Fevers can be worrisome for parents of infants and toddlers especially when they are first-time parents. The thing about fever is that you can never tell if it is dangerous or not and this is precisely what makes fevers scary for many parents.
Did you know?Lynn Smitherman, M.D., Assistant Professor of Paediatrics has said, “Fever is not an illness but a sign that the immune system is fighting off an infection.”
Considering this, if a kid has a fever, it is an indication of a good immune system. When viruses or bacteria attack the body, white blood cells produce interleukin to fight them off. The production of interleukin hormone results in a rise in body temperature. The increased body temperature or heat helps in killing the germs attacking the kid’s body.
Causes of Fever
Before we dwell upon the causes, it is essential to understand and remember that fever by itself is not an illness. It is usually a sign or a symptom of another problem. There can be many causes of fever in babies.
Some of the most common causes can be:
Infections: The most common cause of fevers is infections. Fever is the body’s natural defence mechanism against infections.
Vaccinations: A baby might get a fever within 12 hours of getting an injection. This fever is an indication that the vaccine is working. The body produces new antibodies after immunisation. The production of new antibodies is what causes fever post vaccination.
Overdressing: The newborns take a little while to adjust to the temperature in the outside world. Hence it is recommended to dress them in such a way that it keeps them warm. For this, at times, mothers end up overdressing the baby which results in a rise in body temperature.
Teething: When a baby starts teething, the body temperature rises slightly. It stays around 100°F during the teething period.
When to be concerned?
Before ringing the panic bell, it is essential to understand what is considered a fever. A general notion is that anything above 98.6°F is a fever, but it is not. Body temperature fluctuates throughout the day, and in babies, this fluctuation can have larger variations compared to adults. In healthy babies, a high temperature is not considered fever until it crosses 100.3°F.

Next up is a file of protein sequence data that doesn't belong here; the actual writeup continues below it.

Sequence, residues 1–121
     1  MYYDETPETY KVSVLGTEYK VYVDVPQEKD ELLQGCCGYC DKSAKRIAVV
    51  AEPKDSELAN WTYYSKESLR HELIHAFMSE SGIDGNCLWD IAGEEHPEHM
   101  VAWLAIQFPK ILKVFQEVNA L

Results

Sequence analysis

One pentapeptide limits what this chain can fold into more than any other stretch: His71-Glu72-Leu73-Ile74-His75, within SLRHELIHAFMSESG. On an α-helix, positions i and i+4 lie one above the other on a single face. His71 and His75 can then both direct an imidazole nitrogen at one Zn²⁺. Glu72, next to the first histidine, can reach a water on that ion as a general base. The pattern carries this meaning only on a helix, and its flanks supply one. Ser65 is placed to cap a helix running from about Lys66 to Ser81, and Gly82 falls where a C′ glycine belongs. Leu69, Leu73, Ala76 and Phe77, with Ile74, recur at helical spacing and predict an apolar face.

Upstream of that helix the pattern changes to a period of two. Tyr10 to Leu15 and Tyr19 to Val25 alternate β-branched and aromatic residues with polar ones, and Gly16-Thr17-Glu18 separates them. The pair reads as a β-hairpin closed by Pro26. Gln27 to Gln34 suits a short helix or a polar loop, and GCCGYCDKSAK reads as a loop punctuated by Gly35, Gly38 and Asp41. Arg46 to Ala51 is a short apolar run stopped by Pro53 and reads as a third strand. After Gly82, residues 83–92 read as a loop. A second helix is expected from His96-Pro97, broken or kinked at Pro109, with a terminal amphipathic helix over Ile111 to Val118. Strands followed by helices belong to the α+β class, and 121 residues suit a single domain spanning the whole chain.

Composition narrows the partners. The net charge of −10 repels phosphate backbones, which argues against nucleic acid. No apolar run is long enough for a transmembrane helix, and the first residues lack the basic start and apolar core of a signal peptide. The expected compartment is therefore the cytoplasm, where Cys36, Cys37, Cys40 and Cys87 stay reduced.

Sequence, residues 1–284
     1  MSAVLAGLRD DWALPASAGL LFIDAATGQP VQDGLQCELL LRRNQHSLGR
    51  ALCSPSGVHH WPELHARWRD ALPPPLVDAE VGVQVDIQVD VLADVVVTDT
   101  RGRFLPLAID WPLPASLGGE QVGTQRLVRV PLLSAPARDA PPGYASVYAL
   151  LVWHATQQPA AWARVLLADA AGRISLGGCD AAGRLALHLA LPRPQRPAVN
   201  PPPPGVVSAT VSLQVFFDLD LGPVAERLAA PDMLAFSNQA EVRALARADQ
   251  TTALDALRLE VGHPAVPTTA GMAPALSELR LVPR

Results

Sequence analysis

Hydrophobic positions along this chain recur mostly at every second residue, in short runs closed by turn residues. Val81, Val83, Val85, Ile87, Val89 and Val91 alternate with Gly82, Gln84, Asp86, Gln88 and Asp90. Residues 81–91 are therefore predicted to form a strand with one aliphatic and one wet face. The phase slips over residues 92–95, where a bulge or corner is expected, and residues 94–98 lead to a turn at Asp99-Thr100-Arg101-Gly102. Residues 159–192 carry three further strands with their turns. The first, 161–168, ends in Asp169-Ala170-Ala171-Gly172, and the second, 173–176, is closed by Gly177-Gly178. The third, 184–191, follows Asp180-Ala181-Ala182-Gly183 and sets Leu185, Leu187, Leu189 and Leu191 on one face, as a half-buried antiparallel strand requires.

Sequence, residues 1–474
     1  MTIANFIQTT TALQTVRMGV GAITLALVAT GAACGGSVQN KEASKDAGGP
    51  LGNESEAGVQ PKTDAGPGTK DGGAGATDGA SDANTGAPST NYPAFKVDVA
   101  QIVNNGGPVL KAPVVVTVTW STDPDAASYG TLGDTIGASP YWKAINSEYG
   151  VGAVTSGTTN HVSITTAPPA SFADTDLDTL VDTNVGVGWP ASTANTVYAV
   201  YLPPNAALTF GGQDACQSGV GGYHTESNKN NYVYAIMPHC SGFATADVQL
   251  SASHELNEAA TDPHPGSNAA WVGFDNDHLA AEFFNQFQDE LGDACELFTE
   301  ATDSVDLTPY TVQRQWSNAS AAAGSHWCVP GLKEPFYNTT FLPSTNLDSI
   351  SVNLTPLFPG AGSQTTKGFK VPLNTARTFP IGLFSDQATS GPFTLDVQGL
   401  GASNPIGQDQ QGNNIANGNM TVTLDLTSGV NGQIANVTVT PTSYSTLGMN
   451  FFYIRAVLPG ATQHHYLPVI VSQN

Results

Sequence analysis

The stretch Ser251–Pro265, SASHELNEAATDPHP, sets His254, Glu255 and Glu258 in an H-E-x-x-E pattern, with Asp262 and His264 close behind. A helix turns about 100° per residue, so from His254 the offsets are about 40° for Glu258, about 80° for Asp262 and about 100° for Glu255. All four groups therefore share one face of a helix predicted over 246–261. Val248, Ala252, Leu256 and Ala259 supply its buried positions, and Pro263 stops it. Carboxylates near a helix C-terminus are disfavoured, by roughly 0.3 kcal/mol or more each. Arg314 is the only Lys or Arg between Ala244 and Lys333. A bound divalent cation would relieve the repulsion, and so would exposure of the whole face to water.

For babies under 12 months, you need to keep the following numbers in mind:
Under 3 months: A temperature over 100.3°F in babies under three months need immediate attention. However, if this temperature is because of a vaccine, you don’t need to worry.
3 to 12 months: A temperature over 102.2°F in babies from three to twelve months requires immediate evaluation. The high temperature or the fever might not be considered as an illness, but it can be an indication of an underlying infection or disease.
A timely check and intervention of a paediatric can help in getting rid of the illness or infection at the first stage. You need not to worry even with high temperature if your baby is eating well, is active and is not looking pale.
How to care for your baby during a fever?
As we have mentioned above – not all fevers are dangerous or need treatment. If the child feels cranky and uncomfortable due to the fever then you might follow the below remedies:
Medicines: Infants under 2 months old should not be given any medication without their paediatrician’s recommendation. Infants over 2 months can be administered with a prescribed medicine as per the dosage recommended by the paediatric. For kids below 10 years, the dosage has to be as per the paediatrician’s recommendation. Medication during high temperature only helps in keeping control over the body temperature.
Home remedies: Make sure that the baby is dressed in light clothing during high temperature. Don’t cover the kid with sheets or blankets. This will only make the temperature rise further. Bathe the baby with lukewarm water or give sponge bath – these are temporary remedies to lower the body temperature.
It is vital to understand that medication or home remedies cannot help in fighting the underlying cause of the fever. Hence, it is always recommended to see a doctor if the temperature lasts more than 48 hours.